# Topological fundamental group of spec(R)

Let $R$ be a commutative ring with identity. Assume that $X = Spec(R)$ with the Zariski topology.

When is this space path connected? And also we want to know the topological fundamental group of the space $X$. How can we think about these questions?

• Unfortunately, any topological space with a "generic point" (whose closure is the whole space) is contractible. This covers any integral domains. – Tyler Lawson Feb 24 '14 at 7:02
• For questions like these, I find it helpful to spend some time getting familiar with the homotopy theory of finite topological spaces. The underlying topological space of the spectrum of a noetherian ring is very similar to a finite topological space (although there are a few minor differences). – zeb Feb 24 '14 at 7:38
• Are you sure this is the question you want to ask? These kinds of spaces are very poorly behaved from the point of view of homotopy theory. There are more interesting ways to apply homotopy-theoretic methods in algebraic geometry. – Qiaochu Yuan Feb 24 '14 at 8:13
• Every finite $T_0$ space is the spectrum of some ring, so Spec(R) can have the weak homotopy type of any finite CW-complex. It seems plausible to me that Spec(R) is always weak equivalent to the nerve of its specialization poset (this is true for any finite space, and seems not hard to prove by an induction argument if $R$ is Noetherian). – Eric Wofsey Feb 24 '14 at 10:17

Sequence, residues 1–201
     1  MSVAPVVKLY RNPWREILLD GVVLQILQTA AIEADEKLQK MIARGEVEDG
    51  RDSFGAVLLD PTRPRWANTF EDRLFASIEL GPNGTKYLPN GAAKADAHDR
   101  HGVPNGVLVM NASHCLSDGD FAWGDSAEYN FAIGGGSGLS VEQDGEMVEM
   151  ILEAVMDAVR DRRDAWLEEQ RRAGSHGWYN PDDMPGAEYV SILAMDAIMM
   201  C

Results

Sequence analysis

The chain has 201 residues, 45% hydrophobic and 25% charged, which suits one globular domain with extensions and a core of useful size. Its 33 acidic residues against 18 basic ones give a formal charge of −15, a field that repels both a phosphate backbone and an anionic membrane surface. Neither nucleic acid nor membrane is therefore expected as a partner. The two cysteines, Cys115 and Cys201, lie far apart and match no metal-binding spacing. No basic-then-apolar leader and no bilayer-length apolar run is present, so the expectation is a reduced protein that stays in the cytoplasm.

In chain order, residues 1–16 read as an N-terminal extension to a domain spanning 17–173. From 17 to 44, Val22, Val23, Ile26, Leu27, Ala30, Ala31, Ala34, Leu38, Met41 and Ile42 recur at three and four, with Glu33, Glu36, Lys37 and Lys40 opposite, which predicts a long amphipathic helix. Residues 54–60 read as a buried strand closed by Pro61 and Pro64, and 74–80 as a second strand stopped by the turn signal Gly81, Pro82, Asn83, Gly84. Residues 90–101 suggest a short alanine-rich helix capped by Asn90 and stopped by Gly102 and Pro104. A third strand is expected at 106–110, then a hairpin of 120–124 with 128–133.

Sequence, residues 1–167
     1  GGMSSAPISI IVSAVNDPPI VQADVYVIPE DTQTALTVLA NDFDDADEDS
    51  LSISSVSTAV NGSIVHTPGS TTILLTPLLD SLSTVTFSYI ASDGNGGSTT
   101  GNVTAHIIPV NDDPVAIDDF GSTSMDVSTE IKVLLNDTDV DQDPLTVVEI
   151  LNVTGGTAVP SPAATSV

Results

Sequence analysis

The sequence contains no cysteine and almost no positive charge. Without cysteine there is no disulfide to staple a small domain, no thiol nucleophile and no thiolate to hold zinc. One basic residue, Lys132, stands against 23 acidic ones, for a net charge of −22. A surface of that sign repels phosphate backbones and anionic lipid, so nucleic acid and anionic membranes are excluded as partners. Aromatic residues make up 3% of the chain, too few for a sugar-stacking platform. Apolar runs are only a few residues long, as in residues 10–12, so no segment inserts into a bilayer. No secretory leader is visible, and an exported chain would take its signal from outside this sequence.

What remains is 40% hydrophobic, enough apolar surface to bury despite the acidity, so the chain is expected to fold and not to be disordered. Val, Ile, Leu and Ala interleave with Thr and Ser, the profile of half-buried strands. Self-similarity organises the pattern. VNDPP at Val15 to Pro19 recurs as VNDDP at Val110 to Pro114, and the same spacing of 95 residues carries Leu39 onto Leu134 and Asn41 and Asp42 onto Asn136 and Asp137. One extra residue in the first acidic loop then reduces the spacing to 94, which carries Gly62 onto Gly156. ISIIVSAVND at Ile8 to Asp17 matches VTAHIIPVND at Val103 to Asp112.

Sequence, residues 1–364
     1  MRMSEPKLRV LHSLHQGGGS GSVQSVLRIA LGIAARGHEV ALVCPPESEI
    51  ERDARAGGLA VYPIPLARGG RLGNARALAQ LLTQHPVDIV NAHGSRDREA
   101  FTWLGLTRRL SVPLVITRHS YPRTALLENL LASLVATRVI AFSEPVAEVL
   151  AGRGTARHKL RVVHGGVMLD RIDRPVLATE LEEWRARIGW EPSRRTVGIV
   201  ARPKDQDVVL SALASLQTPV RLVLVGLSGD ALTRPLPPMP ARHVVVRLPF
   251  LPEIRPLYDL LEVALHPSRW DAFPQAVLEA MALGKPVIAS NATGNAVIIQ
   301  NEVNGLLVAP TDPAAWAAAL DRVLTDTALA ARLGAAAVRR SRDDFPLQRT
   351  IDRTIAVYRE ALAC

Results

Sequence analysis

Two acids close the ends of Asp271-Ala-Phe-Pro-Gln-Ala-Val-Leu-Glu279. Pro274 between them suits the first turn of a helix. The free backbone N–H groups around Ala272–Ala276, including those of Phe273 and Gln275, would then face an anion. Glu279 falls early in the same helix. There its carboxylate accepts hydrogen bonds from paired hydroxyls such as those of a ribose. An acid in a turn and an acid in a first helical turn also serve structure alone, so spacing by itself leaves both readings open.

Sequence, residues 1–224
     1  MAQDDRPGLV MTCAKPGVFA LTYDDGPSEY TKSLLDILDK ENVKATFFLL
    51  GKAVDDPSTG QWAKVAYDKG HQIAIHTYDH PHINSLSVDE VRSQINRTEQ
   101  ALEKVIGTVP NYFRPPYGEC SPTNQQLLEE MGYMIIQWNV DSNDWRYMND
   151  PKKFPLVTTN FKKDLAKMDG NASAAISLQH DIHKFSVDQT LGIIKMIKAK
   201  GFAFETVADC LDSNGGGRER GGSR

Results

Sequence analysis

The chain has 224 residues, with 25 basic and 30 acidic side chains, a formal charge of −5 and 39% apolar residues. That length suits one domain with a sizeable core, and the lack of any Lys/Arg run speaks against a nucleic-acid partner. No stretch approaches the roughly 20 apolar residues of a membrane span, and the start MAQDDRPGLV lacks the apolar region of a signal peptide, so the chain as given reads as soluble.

• In particular, the example of $C(X)$ suggests that for completely arbitrary rings, there is no easy way to tell whether the spectrum is path-connected. – Eric Wofsey Feb 24 '14 at 10:45

## 1 Answer

The point is that you may be asking the 'wrong' question. The use of paths is inappropriate in this algebraic geometric context, and hence also ideas such as 'path connected' and 'fundmental group(oid)'although there are analogues.

The classical fundamental group classifies covering spaces of $X$, and that is a useful property to generalise. Look at Grothendieck's SGA1 (if you can read French) for the original material on this, but there are lots of more recent sources 'out there' (including some well written surveys, some done by various Masters students, that are a good read and get you to the point fairly quickly without a lot of generality! One such that I have used is 'M. A. D. Robalo, 2009, Galois Theory towards Dessins d’Enfants, Master’s thesis, Instituto Superior Technico, Lisboa'. Another very good source is by Dubuc and de la Vega, (and which can be found on the ArXiv as math.CT/0009145.) There are analogues of the fundamental groupoid and of covering spaces and then you can ask if the fundamental groupoid is connected (corresponding to path connectedness in the classical topological case) That fundemantal groupoid is usually thought of as a profinite groupoid, and that may encode the topological information that you are hoping for in the second part of the question. (I should add that it is best to consider general schemes with the étale topology, but to start with that may not be necessary.)

I hope this helps.